# grab symlink removal lines
      system "/usr/bin/grep -h \"^- l\" \"$radmindClientDir/$transcript\" > $symlinkremovet";
      print "Removing symlinks flagged for removal in $transcript...\n";
      if (open T, $symlinkremovet) {
         while (<T>) {
            #feed each line one-by-one to lapply
            system "echo $_ | /usr/local/bin/lapply -u 022";
         close T;
close K;

radmind 1.5.1, Tiger, and symlinks

Display appliance: The Revenge; or Scripting QuickTime Player

QuickTime PlayerIn previous posts, we’ve told launchd to watch a directory for changes and launch a Perl script when changes occur. This script will tell QuickTime Player what to do.

I have a web CGI that people can use to select which QuickTime movie to display. This CGI then creates a symlink called “” that points to the selected movie. The Perl script looks for this file. Note that we don’t need QuickTime Pro in order to display the movie full-screen; AppleScript can tell QuickTime Player to go full-screen even without QuickTime Pro.

Here is a stripped-down version of the script I use:

#!/usr/bin/perl -w
use strict;
my $loggedInUser = `who | grep console`;
# directory in which we look for movies to play
my $mediapath = "/Users/Shared/DigitalWalkway/display";
if ($loggedInUser ne "") {
   # if there is a symlink at "$mediapath/" then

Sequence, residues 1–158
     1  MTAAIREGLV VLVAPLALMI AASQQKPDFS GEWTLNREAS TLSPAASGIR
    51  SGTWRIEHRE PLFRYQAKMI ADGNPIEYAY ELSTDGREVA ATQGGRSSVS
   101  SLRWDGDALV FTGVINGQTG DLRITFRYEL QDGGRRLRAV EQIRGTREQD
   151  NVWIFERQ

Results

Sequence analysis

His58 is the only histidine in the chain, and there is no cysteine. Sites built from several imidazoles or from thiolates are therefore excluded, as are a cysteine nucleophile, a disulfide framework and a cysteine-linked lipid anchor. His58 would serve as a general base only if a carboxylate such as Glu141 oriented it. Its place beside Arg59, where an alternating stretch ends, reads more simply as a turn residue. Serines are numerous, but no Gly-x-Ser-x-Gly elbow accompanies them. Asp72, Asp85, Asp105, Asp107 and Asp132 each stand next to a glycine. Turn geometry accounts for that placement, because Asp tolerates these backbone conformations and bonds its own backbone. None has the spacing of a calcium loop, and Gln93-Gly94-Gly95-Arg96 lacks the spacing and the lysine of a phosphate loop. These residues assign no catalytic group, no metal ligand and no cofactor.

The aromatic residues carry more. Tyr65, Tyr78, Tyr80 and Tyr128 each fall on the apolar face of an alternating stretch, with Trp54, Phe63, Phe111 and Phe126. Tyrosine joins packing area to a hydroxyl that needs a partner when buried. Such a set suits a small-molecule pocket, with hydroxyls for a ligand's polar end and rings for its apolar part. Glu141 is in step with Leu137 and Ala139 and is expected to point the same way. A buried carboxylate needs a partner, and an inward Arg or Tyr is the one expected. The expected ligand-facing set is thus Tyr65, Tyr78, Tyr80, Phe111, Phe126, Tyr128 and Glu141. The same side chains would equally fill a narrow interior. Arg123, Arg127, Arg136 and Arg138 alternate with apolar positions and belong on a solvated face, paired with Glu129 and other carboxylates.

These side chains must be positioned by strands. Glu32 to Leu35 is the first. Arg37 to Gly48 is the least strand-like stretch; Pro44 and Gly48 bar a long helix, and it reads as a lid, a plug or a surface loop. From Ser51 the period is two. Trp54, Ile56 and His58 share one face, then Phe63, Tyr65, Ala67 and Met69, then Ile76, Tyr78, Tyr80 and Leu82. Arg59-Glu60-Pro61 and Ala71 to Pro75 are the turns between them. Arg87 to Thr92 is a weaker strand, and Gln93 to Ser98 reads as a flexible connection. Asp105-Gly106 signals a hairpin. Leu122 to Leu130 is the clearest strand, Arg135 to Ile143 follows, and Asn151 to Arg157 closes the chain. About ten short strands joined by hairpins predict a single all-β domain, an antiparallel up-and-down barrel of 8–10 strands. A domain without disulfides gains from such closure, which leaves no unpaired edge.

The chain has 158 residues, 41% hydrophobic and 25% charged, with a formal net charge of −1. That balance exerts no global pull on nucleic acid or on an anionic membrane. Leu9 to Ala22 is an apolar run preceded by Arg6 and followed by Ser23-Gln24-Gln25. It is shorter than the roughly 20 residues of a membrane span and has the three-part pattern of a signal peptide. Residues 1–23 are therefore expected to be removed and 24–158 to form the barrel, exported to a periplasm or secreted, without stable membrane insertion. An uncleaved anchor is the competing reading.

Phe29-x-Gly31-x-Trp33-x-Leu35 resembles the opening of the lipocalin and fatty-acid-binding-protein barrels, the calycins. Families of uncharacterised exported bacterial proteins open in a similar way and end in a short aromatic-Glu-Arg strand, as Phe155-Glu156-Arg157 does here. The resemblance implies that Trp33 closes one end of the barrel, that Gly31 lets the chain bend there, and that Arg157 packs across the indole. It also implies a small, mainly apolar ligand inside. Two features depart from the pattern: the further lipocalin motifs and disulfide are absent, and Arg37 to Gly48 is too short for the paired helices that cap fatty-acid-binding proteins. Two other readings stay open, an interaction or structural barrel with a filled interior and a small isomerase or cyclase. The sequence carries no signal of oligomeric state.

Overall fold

# close the current movie and rename to
   if (-l "$mediapath/") {
      rename "$mediapath/", "$mediapath/";
   # if there is a symlink at "$mediapath/" then
   # play it if its not already playing
   if (-l "$mediapath/" ) {
      # readlink gets the actual path of the file
      # that the symlink points to
      my $realpath = `readlink "$mediapath/"`;
      chomp $realpath;
      # basename strips off the path
      # and leaves just the filename
      my $realname = `basename "$realpath"`;
      chomp $realname;
      # we use osascript to embed an AppleScript into the Perl
      # script. in the AppleScript, we check to see if the
      # currently playing movie's name is the real name of
      # he link so we don't keep restarting
      # the same movie over and over
tell application "QuickTime Player"
   set show welcome movie automatically to false
   copy "" to movieName
   if number of movies > 0 then
      copy (name of front movie) to movieName
   end if
   if (movieName is not "$realname") then
      open POSIX file "$mediapath/"
      set looping of movie 1 to true
      present movie 1 scale screen
      if (display state of front movie is not presentation) then
         present front movie scale screen
      end if
      if (playing of front movie is false) then
         play front movie
      end if
   end if
end tell
sub closeCurrentMovie {